Yesterday I went to Athens. For a variety of reasons, it was much stranger coming back to my college town than to my hometown, where I have been (in denial) for three weeks.
I was visiting a pair of dear old friends. It’s a good thing that they are both “dear” and “old” because, for reasons I attribute to exhaustion, culture shock, and crushing aimlessness, my communication these days has been little more than wordless gurgling.
There is a reason, though, that it was good to see these friends. During the past couple of weeks, I have slowly crawled out of my hermit shell and begun to catch up with various people, with mixed results. With some, time had graciously stood still while we were apart. Laughter was easy and understanding effortless. We simply filled in factual gaps. With these friends, my thoughts and conduct were in harmony with my conscience and personality. In other instances, I experienced a disturbing inner dissonance – like I wasn’t fully comfortable with or supportive of what came out of my mouth, or, for that matter, others’ mouths. Having been away from everyone for eight months, it was strikingly easy to compare my interactions.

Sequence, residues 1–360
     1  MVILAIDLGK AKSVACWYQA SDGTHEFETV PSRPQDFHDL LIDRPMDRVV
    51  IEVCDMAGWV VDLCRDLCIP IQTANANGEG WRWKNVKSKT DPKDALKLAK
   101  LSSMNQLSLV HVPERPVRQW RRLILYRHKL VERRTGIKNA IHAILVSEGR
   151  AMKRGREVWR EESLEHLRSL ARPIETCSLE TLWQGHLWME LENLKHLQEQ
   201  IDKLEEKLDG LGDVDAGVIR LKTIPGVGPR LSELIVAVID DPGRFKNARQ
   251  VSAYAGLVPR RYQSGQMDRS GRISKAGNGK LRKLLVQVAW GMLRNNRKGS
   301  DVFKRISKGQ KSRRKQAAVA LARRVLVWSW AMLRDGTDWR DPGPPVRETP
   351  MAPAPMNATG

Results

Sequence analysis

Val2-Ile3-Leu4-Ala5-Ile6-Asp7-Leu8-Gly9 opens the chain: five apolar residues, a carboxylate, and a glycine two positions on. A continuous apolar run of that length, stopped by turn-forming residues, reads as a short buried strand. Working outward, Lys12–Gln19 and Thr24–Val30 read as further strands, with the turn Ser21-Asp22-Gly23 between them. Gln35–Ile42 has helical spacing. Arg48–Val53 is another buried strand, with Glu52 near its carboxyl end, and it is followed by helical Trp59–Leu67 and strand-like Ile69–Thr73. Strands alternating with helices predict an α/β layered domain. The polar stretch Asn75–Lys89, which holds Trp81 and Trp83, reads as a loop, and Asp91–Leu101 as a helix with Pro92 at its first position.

When I came to Athens, Athens Friend One (we best call him Vladimir, Vlad for short) wisely reminded me that the best people to be around are those around whom you feel you are the best version of yourself. People who push you to think and act in the way you are proud to think and act, who make you feel curious and passionate and excited and positive about the world you’re in.
It’s really quite true.
(And all life lessons are best illustrated with pictures of food and coffee and Athens.)